South Sudan independence heroes ‘have lost their way’
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Instead of celebrating the third anniversary of its independence, South Sudan has sunk into a fratricidal war, observers say, with rival political factions spreading death and misery.
Matthew LeRiche, a political science professor at the Memorial University of Newfoundland, stood alongside friends under a blazing sun in the capital of Juba in July 2011 as South Sudan became the world’s youngest country.
“We were optimistic, even if we were aware of the very real dangers to the new nation,” he recently told FRANCE 24 in reference to the threat of war with Sudan to the north, and of internal political confrontations.
Three years on, many of the South Sudanese friends who celebrated their country’s birth alongside LeRiche are lying dead or wounded, and the academic says he is deeply saddened by the “opportunities lost.”
Indeed, instead of establishing the foundations of an independent and stable nation, South Sudanese have suffered months of deadly civil and ethnic strife.
The conflict between President Salva Kiir against his former vice-president Riek Machar has dragged members of the country’s two largest ethnic groups, the Dinka and the Nuer, into violent confrontations. Kiir is a Dinka, while Machar is a Nuer.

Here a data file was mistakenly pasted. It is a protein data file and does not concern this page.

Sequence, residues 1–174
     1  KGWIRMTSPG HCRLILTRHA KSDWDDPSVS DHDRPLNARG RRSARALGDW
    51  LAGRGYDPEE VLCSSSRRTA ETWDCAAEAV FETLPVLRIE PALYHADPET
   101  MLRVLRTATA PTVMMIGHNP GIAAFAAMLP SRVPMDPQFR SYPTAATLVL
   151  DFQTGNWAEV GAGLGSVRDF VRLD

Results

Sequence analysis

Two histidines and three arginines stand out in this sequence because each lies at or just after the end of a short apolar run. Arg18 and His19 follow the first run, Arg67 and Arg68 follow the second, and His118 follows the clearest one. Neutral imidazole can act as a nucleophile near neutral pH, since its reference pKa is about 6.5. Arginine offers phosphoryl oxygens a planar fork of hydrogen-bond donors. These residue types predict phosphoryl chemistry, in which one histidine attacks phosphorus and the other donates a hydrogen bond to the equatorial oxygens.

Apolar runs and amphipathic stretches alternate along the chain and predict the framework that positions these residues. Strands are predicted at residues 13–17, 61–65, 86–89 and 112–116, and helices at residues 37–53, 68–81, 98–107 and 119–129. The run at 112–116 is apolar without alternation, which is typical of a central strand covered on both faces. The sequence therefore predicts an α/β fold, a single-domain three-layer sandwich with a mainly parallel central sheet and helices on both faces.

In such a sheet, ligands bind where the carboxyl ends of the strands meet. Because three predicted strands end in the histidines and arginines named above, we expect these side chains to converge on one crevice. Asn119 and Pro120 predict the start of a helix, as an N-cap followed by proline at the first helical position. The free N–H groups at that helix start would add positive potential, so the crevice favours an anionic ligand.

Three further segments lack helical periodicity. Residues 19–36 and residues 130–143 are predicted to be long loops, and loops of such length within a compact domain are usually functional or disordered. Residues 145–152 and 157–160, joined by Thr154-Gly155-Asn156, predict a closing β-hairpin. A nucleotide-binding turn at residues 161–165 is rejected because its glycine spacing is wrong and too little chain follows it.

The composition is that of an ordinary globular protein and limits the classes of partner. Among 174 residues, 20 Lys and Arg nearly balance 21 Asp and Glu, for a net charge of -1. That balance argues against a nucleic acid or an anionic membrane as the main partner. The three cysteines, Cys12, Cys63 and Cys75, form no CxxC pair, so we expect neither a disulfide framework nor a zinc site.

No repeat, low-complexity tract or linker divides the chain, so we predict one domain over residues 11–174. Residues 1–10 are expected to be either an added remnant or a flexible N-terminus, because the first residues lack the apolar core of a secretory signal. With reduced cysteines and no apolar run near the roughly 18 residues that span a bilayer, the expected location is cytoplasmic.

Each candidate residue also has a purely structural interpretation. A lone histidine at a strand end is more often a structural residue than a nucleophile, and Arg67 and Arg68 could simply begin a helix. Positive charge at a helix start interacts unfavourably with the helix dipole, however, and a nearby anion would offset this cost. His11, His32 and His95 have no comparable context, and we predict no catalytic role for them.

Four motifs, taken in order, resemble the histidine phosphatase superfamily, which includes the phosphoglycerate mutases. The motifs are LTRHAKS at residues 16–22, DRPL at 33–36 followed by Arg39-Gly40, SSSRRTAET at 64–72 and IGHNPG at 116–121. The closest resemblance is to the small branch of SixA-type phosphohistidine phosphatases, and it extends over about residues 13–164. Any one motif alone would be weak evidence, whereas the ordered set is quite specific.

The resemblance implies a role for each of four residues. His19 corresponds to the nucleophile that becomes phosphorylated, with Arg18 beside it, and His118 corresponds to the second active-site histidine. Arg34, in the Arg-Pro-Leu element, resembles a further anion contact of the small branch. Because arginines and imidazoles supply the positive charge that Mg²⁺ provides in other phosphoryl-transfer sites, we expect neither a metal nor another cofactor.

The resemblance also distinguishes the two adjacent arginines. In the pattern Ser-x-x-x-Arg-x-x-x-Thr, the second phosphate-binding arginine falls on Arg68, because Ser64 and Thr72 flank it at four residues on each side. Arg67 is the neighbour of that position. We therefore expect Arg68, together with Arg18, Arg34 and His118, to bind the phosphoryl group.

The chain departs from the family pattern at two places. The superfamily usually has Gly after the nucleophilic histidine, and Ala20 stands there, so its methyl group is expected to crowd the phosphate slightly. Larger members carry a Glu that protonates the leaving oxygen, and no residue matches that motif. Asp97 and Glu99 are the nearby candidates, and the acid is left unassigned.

Since the war erupted in December, thousands have died and hundreds of thousands have been displaced. Observers say the threat of epidemic and famine could kill millions more.
The ‘happy idiot’
“There is an African proverb that says that when two elephants fight it’s the grass that gets trampled. In South Sudan, this is what is happening,” Ariane Quentier, the spokeswoman for the UN Mission in the Republic of South Sudan, or UNMISS, told FRANCE 24. "It’s the population that is paying the price.”
Quentier said that when Machar broke ranks with Kiir last year, no one imagined the conflict would take on such huge and destructive proportions.
Marc Lavergne, a member of the French National Centre for Scientific Research and an expert on the Horn of Africa region, thinks otherwise. “This is a catastrophe waiting to happen,” Lavergne said in an interview three years ago at the time of South Sudan’s creation. And time, tragically, has proved him right.
The expert says that while he was never optimistic for South Sudan’s fate, he has lost all hope that Kiir and Machar can steer the country toward peace.
“Riek Machar is the world’s living record-holder in terms of genocide and also in terms of intellectual deficiency,” he raged. “As for Salva Kiir, he is a happy idiot and a complete alcoholic.”
“The leaders are living on conquered territory and hope to profit from the South Sudan’s oil wealth,” he added. “Meanwhile, they have done nothing for the country, no roads, no schools, nothing."
Lost in the wilderness
Lavergne ways that while the countryside is in desperate need of infrastructure, Juba has mushroomed overnight into a hub for international aid organisations.
“Bars have cropped up everywhere as international investors have descended on the city. The streets are a stage for a ballet of 4x4s owned by the United Nations and NGOs,” the French researcher said.
According to professor LeRiche, ordinary citizens feel disillusioned or resigned to their sad fate.
“There are some who question the decision of independence. However, most people believe that it was right, despite the current conflict,” he said, adding that the current crisis has been the lowest point for the country since it signed peace accords with Khartoum in 2005.
Lavergne said leaders and soldiers have lost their way: “For 20 years the South Sudanese fought for independence, but above else, for a unified country. Today each side is fighting, but they are not sure for what.”